2
FOREWORD BY THEEUROPEANCOMMISSIONThe Commission considers that customer mobility is a key factor to boost competition in retail financial services markets. This is confirmed by the findings of the Commission sector inquiry into retail banking. According to the report on retail banking sector inquiry1, customer mobility and choice exert competitive pressure on existing and potential suppliers to continually improve their performance and thus should be seen as an important contributor to competitive retail banking markets. Furthermore, obstacles to mobility can function as entry barriers. In May 2006, the Commission set up the Expert Group on Customer Mobility in relation to Bank Accounts (the Group) in order to identify existing obstacles to customer mobility in relation to bank accounts and provide recommendations to the Commission on how the obstacles identified should be addressed.2 a list  Experts,of whom can be found in Annex 1, were selected in a personal capacity and do not necessarily represent the views of their respective organisations. The Group was requested to produce a final report containing its findings and recommendations. The Commission considers the Group's report as a very important contribution in the preparation of its own policy decisions in the area of customer mobility in relation to bank accounts. It is, however, important to note that the Group was not asked to measure the impact of its recommendations. In line with better regulation principles and as a follow-up to the Group's work, the Commission will hold a public consultation on the Group's report and will assess the impact of the Group's recommendations. The Commission will then evaluate what actions should be taken to improve customer mobility in relation to bank accounts.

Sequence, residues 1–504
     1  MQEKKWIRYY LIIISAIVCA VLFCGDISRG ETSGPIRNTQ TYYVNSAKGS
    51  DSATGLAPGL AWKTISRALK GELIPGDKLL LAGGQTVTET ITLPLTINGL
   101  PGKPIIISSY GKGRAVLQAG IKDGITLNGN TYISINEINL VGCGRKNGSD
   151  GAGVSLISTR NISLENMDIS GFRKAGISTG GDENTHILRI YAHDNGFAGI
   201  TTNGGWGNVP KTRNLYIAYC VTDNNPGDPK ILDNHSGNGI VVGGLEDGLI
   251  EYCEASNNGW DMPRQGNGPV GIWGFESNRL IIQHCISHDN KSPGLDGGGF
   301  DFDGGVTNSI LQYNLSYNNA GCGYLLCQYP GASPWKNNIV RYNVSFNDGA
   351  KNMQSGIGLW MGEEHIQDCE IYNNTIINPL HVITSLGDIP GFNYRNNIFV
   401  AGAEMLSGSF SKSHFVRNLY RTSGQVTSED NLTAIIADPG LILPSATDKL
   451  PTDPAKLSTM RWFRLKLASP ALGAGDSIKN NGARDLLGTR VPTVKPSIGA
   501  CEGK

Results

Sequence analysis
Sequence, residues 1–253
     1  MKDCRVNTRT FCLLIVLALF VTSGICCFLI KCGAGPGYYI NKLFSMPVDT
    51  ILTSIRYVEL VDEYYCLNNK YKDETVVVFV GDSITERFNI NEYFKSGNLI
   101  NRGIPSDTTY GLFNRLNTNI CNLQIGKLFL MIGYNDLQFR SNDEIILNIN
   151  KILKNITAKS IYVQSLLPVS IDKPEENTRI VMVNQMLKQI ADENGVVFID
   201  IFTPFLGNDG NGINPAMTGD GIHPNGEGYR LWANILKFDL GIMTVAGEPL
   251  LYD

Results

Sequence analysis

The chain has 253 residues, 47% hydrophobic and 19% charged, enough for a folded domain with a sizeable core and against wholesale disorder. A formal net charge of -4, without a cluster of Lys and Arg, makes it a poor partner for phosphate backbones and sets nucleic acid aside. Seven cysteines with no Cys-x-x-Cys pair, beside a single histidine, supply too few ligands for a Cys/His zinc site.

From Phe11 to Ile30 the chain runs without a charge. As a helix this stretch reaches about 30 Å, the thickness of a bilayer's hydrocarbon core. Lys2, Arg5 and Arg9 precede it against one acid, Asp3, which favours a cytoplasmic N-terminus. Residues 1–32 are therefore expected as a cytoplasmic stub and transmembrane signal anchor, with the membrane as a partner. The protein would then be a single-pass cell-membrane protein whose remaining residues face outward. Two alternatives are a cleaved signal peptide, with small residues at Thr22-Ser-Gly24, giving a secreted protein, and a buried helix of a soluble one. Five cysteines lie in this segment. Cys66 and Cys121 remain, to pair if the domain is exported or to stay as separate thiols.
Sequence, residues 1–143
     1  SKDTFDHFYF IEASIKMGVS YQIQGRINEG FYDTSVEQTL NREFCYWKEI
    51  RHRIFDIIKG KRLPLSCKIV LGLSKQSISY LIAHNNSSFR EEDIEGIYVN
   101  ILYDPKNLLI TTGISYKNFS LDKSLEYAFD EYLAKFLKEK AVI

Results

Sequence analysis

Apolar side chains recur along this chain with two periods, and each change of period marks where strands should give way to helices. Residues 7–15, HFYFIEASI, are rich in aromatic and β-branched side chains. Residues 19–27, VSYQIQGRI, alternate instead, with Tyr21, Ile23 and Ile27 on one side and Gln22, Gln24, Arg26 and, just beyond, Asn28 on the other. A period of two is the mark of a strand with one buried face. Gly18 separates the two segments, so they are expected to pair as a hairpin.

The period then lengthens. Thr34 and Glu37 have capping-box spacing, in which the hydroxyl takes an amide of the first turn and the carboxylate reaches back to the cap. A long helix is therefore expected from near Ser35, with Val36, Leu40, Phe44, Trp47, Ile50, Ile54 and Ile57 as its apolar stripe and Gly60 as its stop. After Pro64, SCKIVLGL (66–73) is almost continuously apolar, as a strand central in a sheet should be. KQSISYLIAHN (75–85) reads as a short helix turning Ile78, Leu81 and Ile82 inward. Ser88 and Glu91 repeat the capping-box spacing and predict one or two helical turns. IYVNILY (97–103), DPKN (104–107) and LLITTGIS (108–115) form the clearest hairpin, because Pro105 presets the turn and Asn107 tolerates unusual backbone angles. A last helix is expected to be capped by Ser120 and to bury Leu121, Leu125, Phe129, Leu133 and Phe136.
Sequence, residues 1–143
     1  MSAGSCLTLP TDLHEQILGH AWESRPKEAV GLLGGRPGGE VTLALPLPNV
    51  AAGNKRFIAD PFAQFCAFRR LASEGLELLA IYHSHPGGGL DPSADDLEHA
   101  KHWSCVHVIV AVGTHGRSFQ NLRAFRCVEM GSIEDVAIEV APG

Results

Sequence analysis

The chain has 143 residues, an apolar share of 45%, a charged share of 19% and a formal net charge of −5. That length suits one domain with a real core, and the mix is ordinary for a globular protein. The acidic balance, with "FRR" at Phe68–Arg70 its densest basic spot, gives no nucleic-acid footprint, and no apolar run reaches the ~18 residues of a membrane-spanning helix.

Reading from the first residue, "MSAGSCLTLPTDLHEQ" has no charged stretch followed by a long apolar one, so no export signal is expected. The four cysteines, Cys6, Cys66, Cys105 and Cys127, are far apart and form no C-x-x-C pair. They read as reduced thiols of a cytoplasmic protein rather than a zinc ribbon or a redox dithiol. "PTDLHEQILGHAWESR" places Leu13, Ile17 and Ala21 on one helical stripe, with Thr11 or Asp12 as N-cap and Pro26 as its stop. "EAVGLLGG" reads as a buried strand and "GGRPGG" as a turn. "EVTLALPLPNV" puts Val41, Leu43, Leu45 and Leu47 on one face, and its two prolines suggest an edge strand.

1 Commission Staff Working Document, SEC(2007) 106, 31 January 2007. Available at: http://ec.europa.eu/comm/competition/antitrust/others/sector_inquiries/financial_services/sec_2007_106.pdf. 22006 (OJ L 132, p. 37 Decision 2006/355/EC of 16 May  Commission).  3
EXECUTIVE SUMMARY